In light of all this, you can imagine my surprise when I noticed at the last minute that the report tabled today by the Minister for International Trade does not in any way address the Auditor General's recommendations, any more than it addresses the report of the committee on assistance to small export businesses. Because the minister was not called to order on one occasion, he has now been called to order twice: once by the Auditor General and once by the Committee on Foreign Affairs and International Trade.
We would have expected the Liberal government to explain in this report how it was going to come up with systematic and more objective feedback on the results obtained in international trade that would allow it to be better informed about the eventual benefits of its action, and to better understand what adjudication process is required when co-ordinating and distributing its resources.
Instead, the report tabled today looks more like a pre-election score sheet of the Liberal government's accomplishments with respect to international trade. The report, the minister's speech, far from making specific recommendations, only goes over the mechanisms already in place within this program, as well as the general directions taken by the government.
The minister should have done his homework. He wrote the chairman of the Committee on Foreign Affairs and International Trade asking for an examination of existing mechanisms. We did as he requested and, what is more, concluded our study and tabled our report. And they replied to it. They are telling us they will reply at some point. I am telling him he has already done so.
Moreover, the Minister for International Trade's letter of presentation with this report clearly stipulates that the mechanism for measuring the performance of resources allocated to the international business development program is not yet in place, and that further details will be forthcoming.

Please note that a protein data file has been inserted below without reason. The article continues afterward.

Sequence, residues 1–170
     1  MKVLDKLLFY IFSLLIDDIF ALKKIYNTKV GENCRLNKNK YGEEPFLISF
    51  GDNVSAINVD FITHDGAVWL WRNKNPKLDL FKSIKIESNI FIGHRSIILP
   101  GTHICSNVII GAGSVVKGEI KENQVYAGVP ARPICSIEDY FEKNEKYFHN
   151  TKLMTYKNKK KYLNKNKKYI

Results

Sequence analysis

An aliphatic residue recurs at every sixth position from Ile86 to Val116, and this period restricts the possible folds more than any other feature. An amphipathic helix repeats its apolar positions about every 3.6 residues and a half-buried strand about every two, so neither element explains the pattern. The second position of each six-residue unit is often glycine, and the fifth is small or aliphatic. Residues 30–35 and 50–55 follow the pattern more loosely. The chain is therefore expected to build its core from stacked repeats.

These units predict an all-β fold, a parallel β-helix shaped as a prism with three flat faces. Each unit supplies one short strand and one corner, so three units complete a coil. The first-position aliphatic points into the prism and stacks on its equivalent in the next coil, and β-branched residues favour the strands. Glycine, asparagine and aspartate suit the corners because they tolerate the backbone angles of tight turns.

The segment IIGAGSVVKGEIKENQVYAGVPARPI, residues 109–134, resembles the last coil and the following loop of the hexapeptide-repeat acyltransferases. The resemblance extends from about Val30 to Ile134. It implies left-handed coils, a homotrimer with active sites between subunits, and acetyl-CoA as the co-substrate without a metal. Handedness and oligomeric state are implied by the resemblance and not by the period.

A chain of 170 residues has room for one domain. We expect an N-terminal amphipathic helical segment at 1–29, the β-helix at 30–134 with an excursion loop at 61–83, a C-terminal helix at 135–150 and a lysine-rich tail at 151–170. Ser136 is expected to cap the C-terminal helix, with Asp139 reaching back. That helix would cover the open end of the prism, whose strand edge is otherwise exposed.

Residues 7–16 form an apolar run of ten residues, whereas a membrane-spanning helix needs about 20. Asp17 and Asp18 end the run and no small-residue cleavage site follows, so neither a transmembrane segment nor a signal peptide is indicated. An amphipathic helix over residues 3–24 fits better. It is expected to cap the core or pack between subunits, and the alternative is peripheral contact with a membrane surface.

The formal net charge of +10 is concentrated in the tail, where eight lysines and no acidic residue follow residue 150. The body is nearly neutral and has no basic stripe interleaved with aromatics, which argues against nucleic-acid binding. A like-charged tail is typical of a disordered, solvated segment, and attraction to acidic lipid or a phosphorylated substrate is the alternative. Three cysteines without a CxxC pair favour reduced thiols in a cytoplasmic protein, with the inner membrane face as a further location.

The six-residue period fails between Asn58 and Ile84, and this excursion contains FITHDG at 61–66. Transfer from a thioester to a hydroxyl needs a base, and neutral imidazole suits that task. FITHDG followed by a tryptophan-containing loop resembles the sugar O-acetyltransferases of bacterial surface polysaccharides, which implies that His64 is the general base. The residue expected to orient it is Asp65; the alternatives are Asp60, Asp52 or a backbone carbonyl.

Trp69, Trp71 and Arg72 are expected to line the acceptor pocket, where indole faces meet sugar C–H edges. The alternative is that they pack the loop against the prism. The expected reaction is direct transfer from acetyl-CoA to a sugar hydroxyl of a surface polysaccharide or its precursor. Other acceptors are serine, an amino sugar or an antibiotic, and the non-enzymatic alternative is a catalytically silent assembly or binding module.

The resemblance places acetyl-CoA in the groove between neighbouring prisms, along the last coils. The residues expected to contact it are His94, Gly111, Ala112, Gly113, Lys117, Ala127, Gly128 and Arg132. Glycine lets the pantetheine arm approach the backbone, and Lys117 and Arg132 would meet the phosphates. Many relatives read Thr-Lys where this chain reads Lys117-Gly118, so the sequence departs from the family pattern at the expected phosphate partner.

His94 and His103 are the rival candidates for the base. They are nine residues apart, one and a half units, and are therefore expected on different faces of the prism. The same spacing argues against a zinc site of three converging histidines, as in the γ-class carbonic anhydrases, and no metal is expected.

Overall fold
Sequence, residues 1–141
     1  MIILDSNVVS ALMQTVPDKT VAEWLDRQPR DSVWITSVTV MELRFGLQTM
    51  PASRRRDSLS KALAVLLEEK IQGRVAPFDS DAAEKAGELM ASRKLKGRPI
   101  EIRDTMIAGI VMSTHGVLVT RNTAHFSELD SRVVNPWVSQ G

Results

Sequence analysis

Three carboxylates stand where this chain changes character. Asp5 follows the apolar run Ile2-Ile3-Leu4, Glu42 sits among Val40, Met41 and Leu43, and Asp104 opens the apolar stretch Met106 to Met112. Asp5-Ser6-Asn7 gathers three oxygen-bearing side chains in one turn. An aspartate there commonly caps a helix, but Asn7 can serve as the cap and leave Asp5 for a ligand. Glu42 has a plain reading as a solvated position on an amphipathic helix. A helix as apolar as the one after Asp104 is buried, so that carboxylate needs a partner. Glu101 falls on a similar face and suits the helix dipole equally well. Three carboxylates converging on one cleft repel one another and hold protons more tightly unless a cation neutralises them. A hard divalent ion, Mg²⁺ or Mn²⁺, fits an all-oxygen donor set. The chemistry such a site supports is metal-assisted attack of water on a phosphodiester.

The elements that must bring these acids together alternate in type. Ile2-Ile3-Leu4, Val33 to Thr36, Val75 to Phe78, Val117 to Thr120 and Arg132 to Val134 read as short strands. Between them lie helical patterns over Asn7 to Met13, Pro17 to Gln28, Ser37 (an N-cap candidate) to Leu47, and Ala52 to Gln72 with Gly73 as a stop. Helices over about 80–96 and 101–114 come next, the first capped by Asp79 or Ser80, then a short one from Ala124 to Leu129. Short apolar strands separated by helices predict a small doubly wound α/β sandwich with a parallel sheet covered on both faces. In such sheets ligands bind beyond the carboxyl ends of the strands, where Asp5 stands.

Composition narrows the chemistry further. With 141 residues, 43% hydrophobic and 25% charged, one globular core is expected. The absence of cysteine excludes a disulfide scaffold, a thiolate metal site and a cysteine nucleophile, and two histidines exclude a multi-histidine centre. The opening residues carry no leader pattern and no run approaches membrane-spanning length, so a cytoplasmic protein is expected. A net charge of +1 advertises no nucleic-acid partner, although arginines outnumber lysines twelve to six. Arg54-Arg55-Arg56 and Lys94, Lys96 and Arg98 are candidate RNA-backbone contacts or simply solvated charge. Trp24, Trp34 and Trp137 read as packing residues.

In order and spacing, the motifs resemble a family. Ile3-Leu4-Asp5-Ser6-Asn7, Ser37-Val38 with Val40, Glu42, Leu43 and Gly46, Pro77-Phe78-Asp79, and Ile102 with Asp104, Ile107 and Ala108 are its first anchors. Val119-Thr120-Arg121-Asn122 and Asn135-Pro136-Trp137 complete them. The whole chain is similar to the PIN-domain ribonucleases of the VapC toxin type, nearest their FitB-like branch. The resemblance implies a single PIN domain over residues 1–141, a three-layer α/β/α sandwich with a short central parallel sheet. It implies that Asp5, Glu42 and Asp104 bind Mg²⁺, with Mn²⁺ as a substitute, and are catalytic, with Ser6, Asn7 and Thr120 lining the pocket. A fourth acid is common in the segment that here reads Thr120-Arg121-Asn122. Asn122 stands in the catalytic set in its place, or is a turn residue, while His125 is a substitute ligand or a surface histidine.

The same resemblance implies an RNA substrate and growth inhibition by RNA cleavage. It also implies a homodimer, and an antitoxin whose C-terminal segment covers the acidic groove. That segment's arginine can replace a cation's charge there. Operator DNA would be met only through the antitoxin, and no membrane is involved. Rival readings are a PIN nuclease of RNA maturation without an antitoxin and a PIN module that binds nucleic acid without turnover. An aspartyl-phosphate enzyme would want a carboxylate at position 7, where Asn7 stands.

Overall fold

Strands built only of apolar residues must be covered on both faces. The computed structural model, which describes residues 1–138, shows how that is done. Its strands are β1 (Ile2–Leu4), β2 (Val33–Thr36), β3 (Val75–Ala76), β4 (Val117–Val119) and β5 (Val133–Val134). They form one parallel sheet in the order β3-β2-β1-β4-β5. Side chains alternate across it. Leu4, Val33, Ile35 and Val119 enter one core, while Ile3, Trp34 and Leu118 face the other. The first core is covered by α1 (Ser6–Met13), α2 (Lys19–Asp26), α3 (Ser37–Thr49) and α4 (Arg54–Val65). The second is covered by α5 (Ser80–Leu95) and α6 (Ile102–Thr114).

The auditor general has said: "We have been waiting ten years for it", and now the minister tells us that he is well aware of the fact that he needs to put feedback mechanisms in place, and that he will do so in future.
I would like to point out that we can easily be a bit sceptical about this. The government also wrote in its red book that two groups were going to be set up to examine trade disputes and anti-dumping problems. Both were to report to Parliament by December 1995. They are saying: "Trust us. We will make the reports by these two groups available during the next election campaign".
Asking the Canadian public, and particularly the official opposition, to trust the government is perhaps asking rather a lot of them. One might have expected that the government and the Minister for International Trade would have taken concrete steps to respond to the auditor general's concrete recommendations. It was not the nasty separatists, nor the Reform Party, but the auditor general who asked the Minister for International Trade to take concrete steps to correct the situation. The minister tells us: "Trust me, and you will see that, in future, we are going to coeect this situation".
In closing, I remind him that former Prime Minister Kim Campbell also said "Trust me" during an election campaign. So now there are only two of them left.